Friday, 10 March 2017 04:17

Commission Views Trout Area Flood Effects Featured

Written by Oklahoma Department of Wildlife
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Record water releases from Broken Bow Lake in May and December 2015 took tons of rocks and debris down the Lower Mountain Fork River, drastically changing the character of the year-round trout fishing area.    (DON GROOM / ODWC) Record water releases from Broken Bow Lake in May and December 2015 took tons of rocks and debris down the Lower Mountain Fork River, drastically changing the character of the year-round trout fishing area. (DON GROOM / ODWC)

 

The Wildlife Department’s southeast region fisheries supervisor presented an update on the status of the Lower Mountain Fork River to the Oklahoma Wildlife Conservation Commission during its regular meeting Monday in Oklahoma City.


Two separate flooding events in May and December 2015 created record water releases into the popular trout fishing area below Broken Bow Lake in McCurtain County. Floodwaters scoured the river channel, piling up debris and wiping out many improvements made to the area since trout stocking began there in the late 1980s, Don Groom told Commissioners.


“None of the improvements survived after the December flood,” he said.


Commissioners viewed several before-and-after photos that illustrate how the river has been altered.


Groom said technicians with the Oklahoma Department of Wildlife Conservation began to repair flood damage from the May 2015 flood and had made some headway restoring the area when flooding struck again in December, wiping out all of the progress that had been made.


“It looks like a totally different river now,” Groom said, from the dam and spillway of the lake downstream to the Evening Hole bridge. And because of those changes, he said the Wildlife Department has had to adapt its trout stocking and management activities.


Of concern is that stretches of the Lower Mountain Fork have lost the vegetation canopy that used to line the riverbanks. The river channel is much wider and shallower than it used to be through the Spillway Creek area. Both of these alterations have combined to allow more heating of the water from the sun, and warmer water is not great for keeping trout alive.


Even so, Groom said his fisheries crew never missed more than a couple of scheduled trout stockings during all of those flooding events. And he said there is no immediate threat to maintaining a viable, year-round trout fishery below Broken Bow Lake.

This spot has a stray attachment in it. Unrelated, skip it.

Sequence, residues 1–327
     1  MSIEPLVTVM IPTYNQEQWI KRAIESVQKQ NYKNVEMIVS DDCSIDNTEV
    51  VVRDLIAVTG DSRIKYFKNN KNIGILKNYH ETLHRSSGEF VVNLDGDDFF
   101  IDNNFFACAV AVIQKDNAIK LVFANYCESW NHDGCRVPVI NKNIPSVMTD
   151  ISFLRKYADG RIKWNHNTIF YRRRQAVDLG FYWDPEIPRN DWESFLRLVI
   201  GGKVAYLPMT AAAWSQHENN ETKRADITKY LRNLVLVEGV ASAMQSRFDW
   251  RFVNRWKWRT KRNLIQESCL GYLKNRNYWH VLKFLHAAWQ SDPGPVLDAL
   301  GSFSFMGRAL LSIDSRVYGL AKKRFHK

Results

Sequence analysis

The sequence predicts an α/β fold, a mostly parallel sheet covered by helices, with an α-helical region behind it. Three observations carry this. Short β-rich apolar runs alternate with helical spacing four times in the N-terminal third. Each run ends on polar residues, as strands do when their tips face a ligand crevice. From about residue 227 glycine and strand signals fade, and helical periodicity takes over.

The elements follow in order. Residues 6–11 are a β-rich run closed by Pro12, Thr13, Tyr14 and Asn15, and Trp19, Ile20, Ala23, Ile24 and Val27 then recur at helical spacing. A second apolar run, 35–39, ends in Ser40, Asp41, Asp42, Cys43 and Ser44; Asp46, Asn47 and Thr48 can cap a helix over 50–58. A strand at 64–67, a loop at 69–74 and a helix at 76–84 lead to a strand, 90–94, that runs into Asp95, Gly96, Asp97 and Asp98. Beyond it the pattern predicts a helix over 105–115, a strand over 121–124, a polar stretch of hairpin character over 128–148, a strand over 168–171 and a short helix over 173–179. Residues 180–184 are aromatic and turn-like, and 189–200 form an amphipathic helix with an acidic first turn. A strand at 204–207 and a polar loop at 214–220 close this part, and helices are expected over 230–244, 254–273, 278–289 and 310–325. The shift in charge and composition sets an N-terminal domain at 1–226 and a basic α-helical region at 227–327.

riverbed

Views of the same area of Lost Creek in the Lower Mountain Fork trout fishing area before the flooding, at left, and after two 2015 flooding events. The water deposited so many rocks that the creek became filled and no longer exists. (WILDLIFEDEPARTMENT.COM)

 


In other business, Commissioners:
• Were provided a status report on various pieces of legislation with potential impact on the Department and its wildlife management and law enforcement activities.
• Looked at modified plans for renovating the Department’s 50-year-old permanent headquarters building south of the State Capitol.


The Oklahoma Wildlife Conservation Commission is the eight-member governing board of the Oklahoma Department of Wildlife Conservation. The Commission establishes state hunting and fishing regulations, sets policy for the Wildlife Department and indirectly oversees all state fish and wildlife conservation activities. Commission members are appointed by the governor and confirmed by the Oklahoma Senate.


The next scheduled Commission meeting is scheduled to begin at 9 a.m. Monday, April 3, 2017, at a site to be determined.

 

anglers

Anglers wade the Lower Mountain Fork in a photo taken before historic flooding in 2015. At right, a post-flood view from the same area shows Wildlife Department technicians using a tractor to push rocks and debris out of the river channel. (DON GROOM / ODWC)

 

 

The mission of the Oklahoma Department of Wildlife Conservation is the management of Oklahoma's wildlife resources and habitat to provide scientific, educational, aesthetic, economic and recreational benefits for present and future generations of hunters, anglers and others who appreciate wildlife.

 

This program receives federal assistance from the U.S. Fish and Wildlife Service and thus prohibits discrimination on the basis of race, color, religion, national origin, disability, age and sex (gender) pursuant to Title VII of the Civil Rights Act of 1964 (as amended), Title IX of the Education Amendments of 1972, the Age Discrimination Act of 1975, Section 504 of the Rehabilitation Act of 1973, and Title II of the Americans With Disabilities Act of 1990. To request an accommodation or informational material in an alternative format, contact Oklahoma Department of Wildlife Conservation, (405) 521-3851. If you believe you have been discriminated against in any program, activity or service, contact U.S. Fish and Wildlife Service, Office for Diversity and Workforce Management, 5275 Leesburg Pike, Falls Church, VA 22041.